There isn’t a single story Stevenson gathered that can’t be better explained as some mix of coincidence, exaggeration, and/or outright fraud (on the part of the subjects and the translators if not Stevenson himself). But there are plenty of really uncomfortable ableist and homophobic consequences of Stevenson’s beliefs: if a little girl told a story about how she used to be a boy and now refuses to wear traditionally “girly” clothing and only answers to the name “Richard,” Stevenson assumed that’s because she used to be a man named Richard. If a child had a disfigured face, he assumed it was because in a previous life he was a man who shot himself in the face. According to Stevenson, any disease, disorder, or quirk of personality could be explained by a violent past life. That’s…gross. Like, imagine handwaving away serious birth defects as the inevitable result of a past life, and not a disorder based on genetics or environment that we can prevent or alleviate. Imagine a kid rejecting the gender they were assigned at birth and using past life hypnosis to “fix” it. Ugh.

Stevenson’s proteges, Tucker and Penbarthy, do the exact same thing in their “research,” uncritically accepting stories of children who claim to be the reincarnation of others. They also talk about near-death experiences as further “proof” of an afterlife, and again, there’s just nothing new under the sun: people say they floated above their bodies in the operating room and heard every conversation the doctors and nurses had, there are some frequently experienced details across people having NDEs like the old “light at the end of the tunnel,” and they talk to dead loved ones. All of this is old news, and all of it has non-paranormal explanations: several studies have shown that people who “float above their bodies and see everything that’s happening” are unable to identify a playing card left in plain sight or an image on a computer displayed in the room. People on anesthesia who are in no way “near death” report similar things, often being able to hear things being said in the room while “under.” Scientists can recreate a near-death experience in random people by using hallucinogens like ketamine or even by throwing them in a centrifuge. There is absolutely zero evidence that this phenomena is anything other than the result of a brain under a good deal of stress.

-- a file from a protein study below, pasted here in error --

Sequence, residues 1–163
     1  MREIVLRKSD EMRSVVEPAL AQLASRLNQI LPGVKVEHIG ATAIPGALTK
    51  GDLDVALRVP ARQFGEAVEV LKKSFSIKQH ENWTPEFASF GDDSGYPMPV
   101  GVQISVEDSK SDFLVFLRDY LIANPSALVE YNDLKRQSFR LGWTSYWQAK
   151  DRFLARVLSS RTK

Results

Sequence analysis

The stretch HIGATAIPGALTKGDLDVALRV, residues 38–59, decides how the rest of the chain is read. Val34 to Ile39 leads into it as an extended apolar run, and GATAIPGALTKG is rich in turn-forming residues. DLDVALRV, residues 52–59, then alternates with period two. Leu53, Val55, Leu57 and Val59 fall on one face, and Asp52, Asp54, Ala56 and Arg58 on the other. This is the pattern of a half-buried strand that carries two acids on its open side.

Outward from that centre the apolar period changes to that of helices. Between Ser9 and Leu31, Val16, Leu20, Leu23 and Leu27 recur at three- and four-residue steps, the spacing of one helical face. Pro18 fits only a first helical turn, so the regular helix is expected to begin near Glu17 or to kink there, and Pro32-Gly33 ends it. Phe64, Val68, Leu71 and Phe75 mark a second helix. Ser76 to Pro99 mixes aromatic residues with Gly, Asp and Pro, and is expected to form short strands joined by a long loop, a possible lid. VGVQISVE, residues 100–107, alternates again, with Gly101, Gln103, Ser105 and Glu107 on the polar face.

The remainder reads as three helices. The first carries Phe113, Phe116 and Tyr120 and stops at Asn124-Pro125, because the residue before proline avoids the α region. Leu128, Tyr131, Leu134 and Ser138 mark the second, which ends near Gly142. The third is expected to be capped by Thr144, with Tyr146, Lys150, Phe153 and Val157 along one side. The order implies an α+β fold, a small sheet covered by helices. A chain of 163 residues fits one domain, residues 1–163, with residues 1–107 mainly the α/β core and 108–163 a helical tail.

I’m very sorry to report all this for several reasons: first, because all of this was already debunked decades ago. Come up with something new! Or at least stop weaseling into mainstream news sources. Second, because UVA is still spending money on this quackery, and the students who pay tuition should be pissed about it. I’m pretty sure the school’s founder, Thomas Jefferson, would be pissed.

And third, because I really wish there were life after death. It would be great if death wasn’t the end, but just a transition to an even better world where me and my loved ones are reunited in paradise while we laugh at the people we hate being tortured in hell for all of eternity. That sounds fun! So long as I don’t think too long and hard about that “tortured for all eternity” thing. And yeah it would also be great to know that after death I get another go-round to try again. Think of all the mistakes I would fix! I definitely wouldn’t try to eat an entire package of pixy stix in one afternoon only to barf up a rainbow of partially processed sugar, again. Last weekend was rough, y’all.

But as much as I want there to be something after death, there’s just no evidence that it’s so, and for that reason I have to reject it. Ah, the life of a skeptic. Not always fun.

Rebecca Watson

Rebecca is a writer, speaker, YouTube personality, and unrepentant science nerd. In addition to founding and continuing to run Skepchick, she hosts Quiz-o-Tron, a monthly science-themed quiz show and podcast that pits comedians against nerds. There is an asteroid named in her honor. Twitter @rebeccawatson Mastodon Instagram @actuallyrebeccawatson TikTok @actuallyrebeccawatson YouTube @rebeccawatson BlueSky

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  1. It sounds like he’s not just “handwaving away serious birth defects.” He’s actually blaming the victims of birth defects.
    Imagine telling a child with a disfigured face, “you did this to yourself. You just don’t remember.”
    Then you can bring in some repressed memory “experts” and a hypnotist and maybe, just maybe, the child will “remember.”
    This is not harmless stuff.

  2. Well hold on. A lot of parents have noticed a dead goldfish in the bowl, and figured, okay, for $1.99, I can have a live one in there by the time Lucy gets home from school. And many times Lucy accepts the reincarnated version. And other times, Lucy asks, “Mom, I don’t think that’s Wally, did something happen to Wally? Did Sawyer eat him?” So reincarnation works as well as the bereaved wants it to.